We also, by the way, ate fabulous Acadian food in Cheticamp, where the signs are in English and French.  (And by the way, if you’re coming to Nova Scotia, bring your fat clothes.  The food is great, unless you’re a vegetarian.  JJ wanted to take a photo of me eating the 10th order of fresh fish and chips but I refused as it would have been embarrassing to show my face buried in the plate.

I will part with photos of my favourite place in Cape Breton, which was Inverness, where we stayed.  This beach was within a two minute walk of the motel…

…and the sun sets very kindly on Inverness (when it’s around, that is, as the locals would hasten to tell you.  Apparently it’s not around all that often.  But when it is, it is glorious!)

That is about it for the vacation photos, I promise.  Only I still have to show you some of my fabulous acquisitions, as there are many great artisans in the province.  And you can get a palace of a condo even in Halifax (the capital) for what it would cost you for a 450 sq ft bachelor in Toronto.  I really need to move there.  Sigh.

Cheers,

Kristina

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farewell… (we’re off) to Nova Scotia!

Dear Gentle Readers:

Well, JJ and I are setting off for a big trip first thing tomorrow: to the East Coast!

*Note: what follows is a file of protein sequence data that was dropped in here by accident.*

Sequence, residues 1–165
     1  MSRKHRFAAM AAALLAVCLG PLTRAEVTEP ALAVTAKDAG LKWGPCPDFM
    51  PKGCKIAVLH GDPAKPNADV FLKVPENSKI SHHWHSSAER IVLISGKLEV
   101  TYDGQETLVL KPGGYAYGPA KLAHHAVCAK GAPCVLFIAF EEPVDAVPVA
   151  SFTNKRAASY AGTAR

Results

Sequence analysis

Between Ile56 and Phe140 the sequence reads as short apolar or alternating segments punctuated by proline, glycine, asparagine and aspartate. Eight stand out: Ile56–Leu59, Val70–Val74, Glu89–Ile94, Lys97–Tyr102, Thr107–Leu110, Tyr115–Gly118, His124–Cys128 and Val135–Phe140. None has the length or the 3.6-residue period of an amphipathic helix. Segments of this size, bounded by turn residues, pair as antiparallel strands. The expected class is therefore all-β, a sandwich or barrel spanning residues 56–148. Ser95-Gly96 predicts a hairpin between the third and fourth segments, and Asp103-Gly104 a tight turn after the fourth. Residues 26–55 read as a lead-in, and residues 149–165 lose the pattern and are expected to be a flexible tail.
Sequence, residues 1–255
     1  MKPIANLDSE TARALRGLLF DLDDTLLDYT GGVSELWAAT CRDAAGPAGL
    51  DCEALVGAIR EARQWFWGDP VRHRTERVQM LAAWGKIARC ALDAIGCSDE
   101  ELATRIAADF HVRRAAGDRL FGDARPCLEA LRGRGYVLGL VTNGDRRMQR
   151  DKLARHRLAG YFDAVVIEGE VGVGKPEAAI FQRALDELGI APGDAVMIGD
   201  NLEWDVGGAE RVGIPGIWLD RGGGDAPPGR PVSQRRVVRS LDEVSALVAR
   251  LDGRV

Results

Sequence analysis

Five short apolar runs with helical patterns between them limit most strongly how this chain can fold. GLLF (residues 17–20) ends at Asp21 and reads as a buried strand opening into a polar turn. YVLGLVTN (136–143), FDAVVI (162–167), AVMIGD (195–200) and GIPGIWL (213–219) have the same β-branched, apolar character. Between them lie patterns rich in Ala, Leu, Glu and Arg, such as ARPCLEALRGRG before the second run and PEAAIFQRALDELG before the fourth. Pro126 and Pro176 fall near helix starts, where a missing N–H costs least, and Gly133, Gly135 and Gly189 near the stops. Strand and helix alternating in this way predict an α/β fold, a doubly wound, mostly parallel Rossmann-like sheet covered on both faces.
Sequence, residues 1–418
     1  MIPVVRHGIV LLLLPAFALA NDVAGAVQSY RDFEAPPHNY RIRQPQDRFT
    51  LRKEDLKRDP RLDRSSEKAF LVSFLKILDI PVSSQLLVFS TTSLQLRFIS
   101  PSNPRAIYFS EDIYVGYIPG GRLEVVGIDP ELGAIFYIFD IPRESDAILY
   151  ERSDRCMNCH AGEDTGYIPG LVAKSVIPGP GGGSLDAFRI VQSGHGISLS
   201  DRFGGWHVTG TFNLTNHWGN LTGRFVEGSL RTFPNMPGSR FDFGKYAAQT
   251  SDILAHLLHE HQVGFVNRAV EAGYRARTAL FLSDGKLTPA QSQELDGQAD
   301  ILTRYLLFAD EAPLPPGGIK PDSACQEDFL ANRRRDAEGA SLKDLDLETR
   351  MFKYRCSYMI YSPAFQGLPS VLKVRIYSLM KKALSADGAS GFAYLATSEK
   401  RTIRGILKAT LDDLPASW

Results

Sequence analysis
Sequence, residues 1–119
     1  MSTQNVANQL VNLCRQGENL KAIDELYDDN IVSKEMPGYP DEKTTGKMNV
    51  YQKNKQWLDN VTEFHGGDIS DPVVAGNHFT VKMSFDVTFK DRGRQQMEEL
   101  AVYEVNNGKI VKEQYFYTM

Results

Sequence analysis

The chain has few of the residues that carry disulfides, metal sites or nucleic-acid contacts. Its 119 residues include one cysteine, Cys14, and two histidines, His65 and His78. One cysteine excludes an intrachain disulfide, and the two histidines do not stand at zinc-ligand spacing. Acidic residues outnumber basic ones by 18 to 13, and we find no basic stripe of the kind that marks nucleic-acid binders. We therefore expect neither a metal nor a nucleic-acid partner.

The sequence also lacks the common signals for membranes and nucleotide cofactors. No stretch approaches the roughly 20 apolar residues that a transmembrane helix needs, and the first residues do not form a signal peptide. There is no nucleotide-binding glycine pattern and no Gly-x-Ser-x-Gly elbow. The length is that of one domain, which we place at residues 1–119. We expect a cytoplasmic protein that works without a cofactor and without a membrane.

(Um, no, we won’t be dancing out there – we’re taking the train. I wonder if you could call it the Orient Express?!?)

So, alas, this means that I will be taking a short hiatus from the blog. I will miss you all dreadfully, but JJ insists that I need a break from “that bloody computerrrrr” as well as from work.  (In exchange for this great sacrifice, by the way, he has agreed to check out some yarnie spots down there that I have researched.   I don’t know if he realises quite what he is in for, actually).

(Oh, and by the way, I’ve bribed hired Mario the superintendent

to watch over my spare room while I’m gone – so don’t get any ideas about stash raiding…!! Your only chance is to show up right after he’s finished the bottle of vodka this cost me, I figure…)

Nova Scotia, by the way, is home to the Fleece Artist – so who knows what I might manage to score in my travels?!

I’m also likely taking a wee break from knitting as well as I have some trashy novels to catch up on… but will be taking some lovely Blue Moon with me just in case.  I’ll also be practicing my tango moves… 

(I started Argentinian tango lessons some time back.  It is quite addictive.  If you do a YouTube search on “tango” and “argentina” you’ll see what I mean.   I had taken lessons for a couple of years some time back but my then-dance partner was 13 inches taller than me, which proved a bit awkward.  This time, I’ve managed to find a midget like myself.)

So, I’ll be back on 7 or 8 June or thereabouts with lots of boring vacation photos and, it is hoped, far less boring pics of NS yarns! 

Wishing you a lovely couple of weeks, and see you anon!

Kristina

PS. I just realised that the subject line of this post will probably only make sense to Canajans like me who were forced to learn annoying little folk songs about all the provinces in public school years.  The Nova Scotia one was called “Farewell to Nova Scotia” and is actually quite a depressing little ditty talking about dead sailors, etc.   Another east coast favourite was “I’s the bye who builds the boat” from Newfoundland – anyone remember that one?! Now try and get it out of your head.  Ha!